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"Join me on Team '18," Barack Obama wrote in a recent fundraising email from his old political group, Organizing for Action. "Every election, every ballot measure, every conversation between now and November ... it all matters."

It wasn't much, but the email was one of Obama's few public, political, overtly partisan appeals as the Democratic Party approaches midterm elections that could stop President Trump's agenda and boost Democratic prospects going into 2020. To have an ex-president who remains highly popular with his party sitting on the sidelines cannot be what Democrats hoped.

There are reports that Obama plans to campaign for some Democrats starting in September. But beyond simply hitting the stump for the midterms, Obama could be, if not the full-fledged leader of the Resistance, at least a constant and public critic of the direction taken by the Trump administration and Republicans in Congress.

Instead, Obama isn't seen much. At the end of July, he and former Vice President Joe Biden made a stir when they dropped by a Washington, D.C., bakery for sandwiches. The visit had a purpose -- the shop, Dog Tag Bakery, helps disabled veterans and their families -- but besides shaking hands and posing for selfies, Obama didn't do anything that could be construed as politicking.

Obama did have a political message earlier in July, but he chose to deliver it in South Africa, thousands of miles away from U.S. midterm campaigning. Speaking at an event in Johannesburg honoring Nelson Mandela, Obama never mentioned Donald Trump's name, but his message was undoubtedly aimed at his successor in the White House.

"Look around," Obama said. "Strongman politics are ascendant suddenly, whereby elections and some pretense of democracy are maintained -- the form of it -- but those in power seek to undermine every institution or norm that gives democracy meaning.

"We see the utter loss of shame among political leaders," Obama continued, "where they're caught in a lie and they just double down and they lie some more."

Obama's speech got some coverage and some nostalgic comments by Democrats. But at the same time, President Trump is ramping up his political travel, headlining rallies just in the last week in the key states of Florida, Pennsylvania and Ohio -- a combination of 2018 politicking for Republicans and 2020 politicking for himself.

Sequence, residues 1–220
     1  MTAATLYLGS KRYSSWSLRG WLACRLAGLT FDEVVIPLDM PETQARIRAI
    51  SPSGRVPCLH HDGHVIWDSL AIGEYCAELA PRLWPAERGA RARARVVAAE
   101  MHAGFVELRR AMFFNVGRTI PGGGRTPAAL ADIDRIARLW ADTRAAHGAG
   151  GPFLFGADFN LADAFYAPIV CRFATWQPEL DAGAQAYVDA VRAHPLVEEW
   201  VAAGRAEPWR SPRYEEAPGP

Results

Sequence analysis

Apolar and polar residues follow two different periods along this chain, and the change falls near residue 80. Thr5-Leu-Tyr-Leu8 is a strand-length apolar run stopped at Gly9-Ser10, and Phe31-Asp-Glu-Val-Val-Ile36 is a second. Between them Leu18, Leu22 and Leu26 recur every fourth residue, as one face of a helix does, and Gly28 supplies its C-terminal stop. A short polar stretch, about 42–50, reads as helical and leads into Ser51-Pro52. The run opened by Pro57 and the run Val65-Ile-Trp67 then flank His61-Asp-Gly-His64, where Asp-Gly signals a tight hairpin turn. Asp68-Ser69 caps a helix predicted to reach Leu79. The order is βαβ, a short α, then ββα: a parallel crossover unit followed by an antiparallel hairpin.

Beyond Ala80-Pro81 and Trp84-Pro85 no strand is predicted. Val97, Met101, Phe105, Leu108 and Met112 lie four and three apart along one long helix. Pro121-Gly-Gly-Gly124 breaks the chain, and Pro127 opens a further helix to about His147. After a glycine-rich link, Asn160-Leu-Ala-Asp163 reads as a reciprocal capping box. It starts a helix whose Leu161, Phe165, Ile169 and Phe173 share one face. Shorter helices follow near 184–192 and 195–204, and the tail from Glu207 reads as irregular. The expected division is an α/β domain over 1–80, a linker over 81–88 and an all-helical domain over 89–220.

A quick visit to a bakery is not quite the same.

There is no leader of the Democratic Party. A president is the leader of the party in the White House, and the opposition party doesn't really have a leader. For Democrats today, who would it be? Charles Schumer? Nancy Pelosi? One of the party's 2020 hopefuls? There just isn't one.

For Democrats, Obama, who isn't running for anything, could be as close to a leader as an out-of-power party can have until the Democrats' next presidential nominee comes along. But he's just not taking the job.

In June, New York magazine published an article with the almost plaintive headline, "Where is Barack Obama?" Writer Gabriel Debenedetti portrayed a former president who, for whatever reason, has decided not to stay up on day-to-day politics, focusing instead on the new Obama Foundation and on his memoirs.

"In private conversations, Obama rarely mentions Trump at all," Debenedetti reported. "Those who've visited the office he's leased from the World Wildlife Fund in Washington's West End say he's eager to talk for hours about the world's ills. When informed about the latest presidential tweetstorms aimed at him, he chuckles and changes the subject."

Debenedetti talked to Obama friends who marveled at the former president's "Zen-like" calm in the face of the Trump tumult. That, of course, was a phrase often used to describe Obama in the White House, too.

Maybe that works for him. But for his admirers -- and many Democratic voters -- Obama's absence borders on the mysterious.

"How did the most ubiquitous man in America for eight years virtually disappear?" Debenedetti asked. "What explains his near absence from the political stage, where he might argue publicly against the reversals of his policy accomplishments, and also from American life more broadly?"

What could Obama do for Democrats this November? There are certainly states and districts in which candidates would welcome an appearance. But probably more important, he could travel the country raising millions and millions of dollars for Democratic candidates. For that job, the only thing better than an ex-president is a sitting president, and Democrats don't have one of those now.

Actually, one Obama is doing some shoe-leather work for the midterms. This week came news that former first lady Michelle Obama will travel around the country in a weeklong voter registration effort in late September.

That will certainly be welcome in many Democratic circles. But at the same time, no one should be surprised if party activists ask Mrs. Obama: "Where is your husband?"

Byron York is chief political correspondent for The Washington Examiner.

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